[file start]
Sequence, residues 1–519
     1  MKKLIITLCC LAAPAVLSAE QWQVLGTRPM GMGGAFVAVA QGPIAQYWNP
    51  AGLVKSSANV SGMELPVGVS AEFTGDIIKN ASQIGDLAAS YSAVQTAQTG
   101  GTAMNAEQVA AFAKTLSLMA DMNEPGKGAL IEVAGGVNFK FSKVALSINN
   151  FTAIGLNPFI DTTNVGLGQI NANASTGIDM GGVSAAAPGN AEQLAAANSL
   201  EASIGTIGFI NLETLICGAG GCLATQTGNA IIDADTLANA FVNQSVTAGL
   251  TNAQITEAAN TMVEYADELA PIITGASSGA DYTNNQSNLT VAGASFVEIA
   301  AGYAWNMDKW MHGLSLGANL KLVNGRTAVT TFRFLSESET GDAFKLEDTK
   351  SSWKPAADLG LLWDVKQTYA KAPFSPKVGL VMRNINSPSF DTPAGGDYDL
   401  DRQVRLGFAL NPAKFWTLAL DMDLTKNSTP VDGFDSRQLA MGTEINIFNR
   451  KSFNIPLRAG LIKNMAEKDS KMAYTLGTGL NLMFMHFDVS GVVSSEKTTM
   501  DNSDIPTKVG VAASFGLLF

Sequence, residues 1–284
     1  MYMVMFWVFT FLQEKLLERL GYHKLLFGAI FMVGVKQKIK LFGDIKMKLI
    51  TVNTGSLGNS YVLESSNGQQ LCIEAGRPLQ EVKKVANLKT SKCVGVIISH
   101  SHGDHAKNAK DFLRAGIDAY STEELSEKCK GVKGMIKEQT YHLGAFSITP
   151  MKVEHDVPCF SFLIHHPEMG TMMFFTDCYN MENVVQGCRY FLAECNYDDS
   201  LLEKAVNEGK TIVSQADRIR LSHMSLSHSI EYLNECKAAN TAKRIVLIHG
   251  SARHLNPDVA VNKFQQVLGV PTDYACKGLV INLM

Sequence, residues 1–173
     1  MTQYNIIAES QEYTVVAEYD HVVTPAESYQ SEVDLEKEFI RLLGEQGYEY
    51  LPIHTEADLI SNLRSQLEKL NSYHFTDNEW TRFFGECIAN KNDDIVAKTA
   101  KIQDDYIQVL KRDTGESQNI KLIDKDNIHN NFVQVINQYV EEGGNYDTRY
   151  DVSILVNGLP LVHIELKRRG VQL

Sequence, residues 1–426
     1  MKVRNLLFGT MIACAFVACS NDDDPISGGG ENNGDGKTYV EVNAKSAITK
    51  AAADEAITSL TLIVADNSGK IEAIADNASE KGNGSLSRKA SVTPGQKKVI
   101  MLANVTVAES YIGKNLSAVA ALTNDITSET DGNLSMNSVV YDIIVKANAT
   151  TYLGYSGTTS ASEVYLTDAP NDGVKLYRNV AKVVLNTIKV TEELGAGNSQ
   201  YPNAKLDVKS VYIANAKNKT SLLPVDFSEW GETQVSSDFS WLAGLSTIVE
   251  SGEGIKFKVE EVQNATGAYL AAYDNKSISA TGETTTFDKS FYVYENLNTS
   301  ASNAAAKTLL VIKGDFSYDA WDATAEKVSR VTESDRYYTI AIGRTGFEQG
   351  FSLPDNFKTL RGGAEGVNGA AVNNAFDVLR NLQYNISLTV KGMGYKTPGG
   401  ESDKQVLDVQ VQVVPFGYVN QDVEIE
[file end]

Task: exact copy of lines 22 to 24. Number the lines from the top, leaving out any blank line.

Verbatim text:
    51  LPIHTEADLI SNLRSQLEKL NSYHFTDNEW TRFFGECIAN KNDDIVAKTA
   101  KIQDDYIQVL KRDTGESQNI KLIDKDNIHN NFVQVINQYV EEGGNYDTRY
   151  DVSILVNGLP LVHIELKRRG VQL